The saying ‘all good things must come to an end’ could not be more relevant to the life of a professional footballer.
For a lot of youngsters, the dream of growing up to play a hobby for a living is one that never manifests in most cases. Only a select few have the talent to make it in ‘the beautiful game’ and go on to form a successful career in the process.
Michael Collins is one of those few. The former Huddersfield Town and Scunthorpe United man has enjoyed his first few months in the Shaymen blue, cementing himself in the starting eleven and becoming an instant hit with the fans.
Although, as the saying goes, it is a career that cannot last forever, but Collins has always been aware of that. Having known about his future aspirations for a long time, the Bradford City Under-18s coach is planning to stick around the game in a new role once the curtain closes on his playing career.
“I did my B licence early then moved onto my A licence. Some footballers switch off when they walk away from the game, I have always been the opposite.
“I go home and think about the game or the session, like what we did and how it links to the game. As I got older I took more interest and started writing the details down and researching for my own stuff.
“All I’m doing is collecting my playing experiences and marrying them with the ideals that I see are important when playing and bring that over to the lads I work with at Bradford.
“If you are wanting to go into management and have longevity then go into youth football and learn about the ropes, the players and yourself. You have an environment where you can learn and take those experiences into management, rather than jumping in at the deep end.
“One is helping the other and vice versa, so whilst I’m playing I pick up things that can be used in the coaching, and by coaching I see things that can be used to help my game. It is working out perfectly for me.”
Collins took the role at Bradford after leaving fellow Vanarama National League outfit Leyton Orient in the summer of last year, with his mind firmly set on making it in the coaching world.
He was given his chance to make it in the game with Huddersfield thirteen years ago, and now provides young footballers at Bradford with similar opportunities. It can have its ups and downs, but overall, Collins is more than happy to have such a valuable experience.
“Just this week at Bradford our goalkeeper, George Kenworthy, has been offered a two-year professional contract. That side of it is such a reward because you see these kids develop and go onto the next stage, there is no better feeling.
“On the flip side, there is ultimately lads that don’t get through and you’ve got to be the one to deliver the news that, at this moment in time, their dream is over. That’s not to say it is completely over, just at the club they currently play for.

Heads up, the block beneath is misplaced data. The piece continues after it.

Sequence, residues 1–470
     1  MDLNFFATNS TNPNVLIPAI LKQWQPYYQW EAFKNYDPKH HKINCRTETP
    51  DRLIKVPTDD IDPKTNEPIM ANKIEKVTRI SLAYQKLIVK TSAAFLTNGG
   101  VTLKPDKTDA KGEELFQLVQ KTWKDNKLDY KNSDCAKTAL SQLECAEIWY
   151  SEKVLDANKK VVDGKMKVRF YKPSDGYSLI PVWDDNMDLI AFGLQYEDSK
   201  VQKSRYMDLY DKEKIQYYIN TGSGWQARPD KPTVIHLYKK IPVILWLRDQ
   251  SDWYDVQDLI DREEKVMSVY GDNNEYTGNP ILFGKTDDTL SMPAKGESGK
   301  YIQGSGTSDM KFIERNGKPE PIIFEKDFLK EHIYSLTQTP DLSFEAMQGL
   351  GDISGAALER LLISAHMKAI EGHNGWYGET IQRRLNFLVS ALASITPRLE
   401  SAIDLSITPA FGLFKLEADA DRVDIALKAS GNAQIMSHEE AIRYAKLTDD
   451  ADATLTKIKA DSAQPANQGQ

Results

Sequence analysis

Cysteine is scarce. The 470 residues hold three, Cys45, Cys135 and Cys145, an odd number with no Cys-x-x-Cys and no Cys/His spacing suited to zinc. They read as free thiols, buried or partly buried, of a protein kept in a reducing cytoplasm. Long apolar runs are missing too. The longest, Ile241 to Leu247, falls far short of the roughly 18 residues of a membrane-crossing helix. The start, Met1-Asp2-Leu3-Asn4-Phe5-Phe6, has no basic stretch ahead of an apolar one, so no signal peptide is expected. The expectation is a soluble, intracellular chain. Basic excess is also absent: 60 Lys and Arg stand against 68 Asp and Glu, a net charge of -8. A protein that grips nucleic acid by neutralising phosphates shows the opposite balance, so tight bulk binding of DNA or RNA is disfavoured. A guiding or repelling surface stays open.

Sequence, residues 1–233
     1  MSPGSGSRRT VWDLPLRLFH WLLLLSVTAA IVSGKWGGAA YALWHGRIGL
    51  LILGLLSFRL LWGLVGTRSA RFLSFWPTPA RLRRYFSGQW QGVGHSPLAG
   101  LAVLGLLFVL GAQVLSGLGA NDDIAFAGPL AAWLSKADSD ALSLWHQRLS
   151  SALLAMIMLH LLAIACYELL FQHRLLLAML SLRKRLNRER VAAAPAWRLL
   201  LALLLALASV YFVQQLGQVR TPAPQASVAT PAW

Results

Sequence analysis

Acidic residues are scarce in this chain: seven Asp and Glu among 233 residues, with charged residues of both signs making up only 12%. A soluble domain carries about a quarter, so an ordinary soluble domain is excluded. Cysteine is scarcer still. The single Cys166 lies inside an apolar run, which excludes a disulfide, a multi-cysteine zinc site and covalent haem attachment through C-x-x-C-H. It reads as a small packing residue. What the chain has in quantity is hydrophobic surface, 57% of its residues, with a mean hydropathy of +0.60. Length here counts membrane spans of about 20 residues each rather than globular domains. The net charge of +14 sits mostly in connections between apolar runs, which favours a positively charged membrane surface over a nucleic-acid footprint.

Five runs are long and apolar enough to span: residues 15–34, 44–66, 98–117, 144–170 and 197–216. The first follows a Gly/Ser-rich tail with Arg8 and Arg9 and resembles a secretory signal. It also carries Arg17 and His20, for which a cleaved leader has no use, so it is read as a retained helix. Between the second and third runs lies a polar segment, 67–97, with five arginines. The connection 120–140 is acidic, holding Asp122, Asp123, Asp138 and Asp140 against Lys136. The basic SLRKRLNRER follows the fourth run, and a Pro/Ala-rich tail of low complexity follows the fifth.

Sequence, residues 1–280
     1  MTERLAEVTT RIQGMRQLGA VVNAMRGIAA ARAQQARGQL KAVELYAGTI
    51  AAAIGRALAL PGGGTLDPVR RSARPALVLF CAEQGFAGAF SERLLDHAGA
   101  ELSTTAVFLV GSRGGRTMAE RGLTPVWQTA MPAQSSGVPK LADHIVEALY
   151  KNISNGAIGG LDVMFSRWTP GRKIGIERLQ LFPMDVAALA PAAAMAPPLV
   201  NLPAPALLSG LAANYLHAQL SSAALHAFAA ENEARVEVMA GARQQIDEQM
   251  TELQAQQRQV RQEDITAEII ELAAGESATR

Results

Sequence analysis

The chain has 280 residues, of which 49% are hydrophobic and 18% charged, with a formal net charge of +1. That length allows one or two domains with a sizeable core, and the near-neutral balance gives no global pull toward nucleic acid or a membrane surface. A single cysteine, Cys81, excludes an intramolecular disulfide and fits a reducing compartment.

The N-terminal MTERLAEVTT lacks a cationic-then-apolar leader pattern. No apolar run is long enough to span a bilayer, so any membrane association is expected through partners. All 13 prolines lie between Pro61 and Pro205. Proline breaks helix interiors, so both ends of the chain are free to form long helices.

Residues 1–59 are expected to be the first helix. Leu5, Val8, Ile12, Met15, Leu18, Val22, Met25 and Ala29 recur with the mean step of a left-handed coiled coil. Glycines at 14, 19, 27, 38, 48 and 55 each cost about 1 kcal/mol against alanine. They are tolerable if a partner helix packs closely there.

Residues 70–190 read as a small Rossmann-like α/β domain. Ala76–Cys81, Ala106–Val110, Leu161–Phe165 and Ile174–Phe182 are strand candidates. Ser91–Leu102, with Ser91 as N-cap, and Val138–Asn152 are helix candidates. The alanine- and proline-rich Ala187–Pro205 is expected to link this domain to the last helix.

“The most important thing, regardless of whether they get through or not, is that you teach them life skills like discipline and punctuality. Even if they don’t make it in football you give them a chance to be successful in whatever they move into.”
With the Sutton United game called off thanks to ‘the Beast from the East’, Fullarton’s side have managed to work some more time on the training pitch. It means there is more time to get used to a new playing style and philosophy, something that Collins is personally happy about.
“Everybody has got different styles. That is the beauty of football. There is no ‘one size fits all’ because everyone has a slightly different way of doing things. Some coaches like to cover more tactically whereas overs like to keep it vague.
“For me, I prefer the details. So, with the new gaffer I am really enjoying the sessions and the depths he goes into regarding roles and responsibilities.”
With Fullarton’s home debut put on hold, the Shaymen now travel to Woking FC looking for a first win under new management. For Collins, with extra training under their belts, Town can be confident of claiming the three points in Surrey.
“From what I have seen of the league so far, there isn’t too much in it. It is quite a level playing field as you can see from results up and down the country. We are no different. We’ve played the teams that are up there like Wrexham and Aldershot and we have more than held our own.
“The real differences are in the details and the clarity that a team has. The ones that are more drilled and understand their roles, such as where people need to be at any one time, can make the difference between winning and losing games.
“Every game is tough, we know that, and Woking will be no different. They have had a game midweek, so they could be a bit fatigued on Saturday, maybe we can capitalise on that with a full week’s training under our belt.”
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